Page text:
Microsoft has been struggling to transition in the mobile age and now a new report says some of its top investors are blaming its founder, Bill Gates, for the company's woes. The report says three of Microsoft's top investors want to see the chairman step down.
These investors argue that Gates' iconic presence on the board of directors would deter a more risk-taking person from stepping in as CEO Steve Ballmer's successor, once he retires within the year.
Marketplace's David Gura joins Marketplace Tech host Ben Johnson to discuss. Click the audio player above to hear more.
The government shutdown continues after Congress failed to reach an agreement Monday night. But now there's a greater worry about the debt ceiling.
Who does the U.S. actually owe $16.7 trillion to?
LinkedIn isn’t really set up for blue-collar workers. Now a new site aims to fill the gap.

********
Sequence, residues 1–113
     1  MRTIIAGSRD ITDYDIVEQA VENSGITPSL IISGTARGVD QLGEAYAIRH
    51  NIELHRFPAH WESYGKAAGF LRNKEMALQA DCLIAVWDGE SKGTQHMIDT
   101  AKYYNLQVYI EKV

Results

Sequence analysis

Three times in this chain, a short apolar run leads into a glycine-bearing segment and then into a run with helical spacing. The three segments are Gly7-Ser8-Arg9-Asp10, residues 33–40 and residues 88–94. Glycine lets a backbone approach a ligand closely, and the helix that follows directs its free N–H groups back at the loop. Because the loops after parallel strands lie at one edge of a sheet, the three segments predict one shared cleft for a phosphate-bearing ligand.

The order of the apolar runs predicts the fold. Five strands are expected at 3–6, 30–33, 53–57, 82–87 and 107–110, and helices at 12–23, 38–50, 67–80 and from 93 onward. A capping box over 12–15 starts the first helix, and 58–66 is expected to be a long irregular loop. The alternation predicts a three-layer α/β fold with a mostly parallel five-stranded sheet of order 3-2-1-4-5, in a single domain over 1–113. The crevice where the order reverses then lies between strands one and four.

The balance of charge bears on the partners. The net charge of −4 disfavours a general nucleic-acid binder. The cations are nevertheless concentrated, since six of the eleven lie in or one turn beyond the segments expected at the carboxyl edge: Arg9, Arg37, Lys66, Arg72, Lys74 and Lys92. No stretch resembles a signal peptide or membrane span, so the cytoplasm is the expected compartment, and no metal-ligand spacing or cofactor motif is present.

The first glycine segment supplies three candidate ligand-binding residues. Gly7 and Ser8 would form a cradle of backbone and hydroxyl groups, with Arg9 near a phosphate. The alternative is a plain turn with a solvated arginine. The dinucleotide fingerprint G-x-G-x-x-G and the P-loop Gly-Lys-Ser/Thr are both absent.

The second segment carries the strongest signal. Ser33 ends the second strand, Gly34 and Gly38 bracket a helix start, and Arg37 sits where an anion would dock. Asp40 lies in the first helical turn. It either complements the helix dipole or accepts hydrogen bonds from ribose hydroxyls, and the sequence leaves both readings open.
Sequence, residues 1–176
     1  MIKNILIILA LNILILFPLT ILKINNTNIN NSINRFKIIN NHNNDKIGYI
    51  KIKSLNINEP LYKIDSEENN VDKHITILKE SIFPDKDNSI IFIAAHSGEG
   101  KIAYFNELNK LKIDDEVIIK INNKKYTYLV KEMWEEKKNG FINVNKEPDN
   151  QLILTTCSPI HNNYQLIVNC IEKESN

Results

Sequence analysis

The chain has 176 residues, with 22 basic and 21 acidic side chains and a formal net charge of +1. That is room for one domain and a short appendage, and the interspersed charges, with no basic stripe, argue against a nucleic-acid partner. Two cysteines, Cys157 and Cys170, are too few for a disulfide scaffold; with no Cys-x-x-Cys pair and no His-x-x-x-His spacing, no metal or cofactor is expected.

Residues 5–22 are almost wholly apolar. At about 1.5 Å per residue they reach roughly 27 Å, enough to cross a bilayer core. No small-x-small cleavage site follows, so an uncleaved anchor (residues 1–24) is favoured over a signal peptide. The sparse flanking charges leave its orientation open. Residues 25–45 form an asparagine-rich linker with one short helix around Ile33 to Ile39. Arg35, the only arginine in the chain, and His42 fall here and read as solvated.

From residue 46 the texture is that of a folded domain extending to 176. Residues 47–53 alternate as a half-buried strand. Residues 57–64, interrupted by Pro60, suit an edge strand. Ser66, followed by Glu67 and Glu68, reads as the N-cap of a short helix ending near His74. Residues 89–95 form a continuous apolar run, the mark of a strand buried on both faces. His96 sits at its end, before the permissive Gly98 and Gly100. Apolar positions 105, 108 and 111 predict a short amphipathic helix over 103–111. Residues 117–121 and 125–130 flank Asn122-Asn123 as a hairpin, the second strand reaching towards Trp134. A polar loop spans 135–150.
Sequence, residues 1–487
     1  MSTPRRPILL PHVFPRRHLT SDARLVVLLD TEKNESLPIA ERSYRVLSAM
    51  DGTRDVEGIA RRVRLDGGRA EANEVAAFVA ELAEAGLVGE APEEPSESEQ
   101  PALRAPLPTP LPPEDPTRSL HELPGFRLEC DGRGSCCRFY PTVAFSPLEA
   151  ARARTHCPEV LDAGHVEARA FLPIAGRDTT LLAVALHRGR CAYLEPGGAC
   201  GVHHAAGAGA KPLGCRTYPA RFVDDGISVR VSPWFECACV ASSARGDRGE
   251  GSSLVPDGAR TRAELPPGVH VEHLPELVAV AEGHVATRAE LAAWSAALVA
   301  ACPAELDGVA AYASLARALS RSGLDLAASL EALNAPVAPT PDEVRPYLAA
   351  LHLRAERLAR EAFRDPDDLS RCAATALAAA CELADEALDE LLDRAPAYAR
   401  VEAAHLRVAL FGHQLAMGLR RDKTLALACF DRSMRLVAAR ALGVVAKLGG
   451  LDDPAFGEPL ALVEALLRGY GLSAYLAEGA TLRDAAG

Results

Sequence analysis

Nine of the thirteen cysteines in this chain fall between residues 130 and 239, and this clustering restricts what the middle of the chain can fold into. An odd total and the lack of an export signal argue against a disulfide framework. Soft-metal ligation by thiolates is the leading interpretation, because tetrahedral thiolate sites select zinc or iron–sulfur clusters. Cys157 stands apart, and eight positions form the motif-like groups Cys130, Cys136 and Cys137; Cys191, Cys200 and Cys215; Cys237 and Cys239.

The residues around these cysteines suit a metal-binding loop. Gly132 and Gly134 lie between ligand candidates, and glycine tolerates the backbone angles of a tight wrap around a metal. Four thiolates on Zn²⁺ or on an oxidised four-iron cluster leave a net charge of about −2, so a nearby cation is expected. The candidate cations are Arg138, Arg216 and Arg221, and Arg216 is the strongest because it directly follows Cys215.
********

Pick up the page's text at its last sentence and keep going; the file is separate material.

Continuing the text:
The government shutdown continues after Congress failed to reach an agreement over a spending bill Monday night. But now there's a greater worry about the debt ceiling, the deadline for which U.S. Treasury Secretary Jack Lew says will continue to stay October 17.
David Kelly, Chief Global Strategist at JPMorgan Funds, says markets hate uncertainty and that will weigh on the stock market. He says globally, many economies are growing at the same time, which makes the situation even worse.
"It's tremendously frustrating that the biggest obstacle right now to stronger U.S. growth is what's happening in Washington," he says.
David Kelly, Chief Global Strategist at JPMorgan Funds, joins Marketplace's Mark Garrison to discuss. Click the audio player above to hear more.
Current Italian Prime Minister Enrico Letta survived a confidence vote by a wide margin on Wednesday. Stocks are up in the European nation because the government still stands after former Prime Minister Silvio Berlusconi attempted to bring it down. He backed off after he couldn't rally the votes.
Marketplace's European bureau chief Stephen Beard joins Marketplace Morning Report host Mark Garrison to discuss. Click the audio player above to hear more.
The data in the ADP National Employment Report are likely to be the only clues this week about how strong the labor market was last month. The partial government shutdown means the Labor Department is unlikely to release its figures.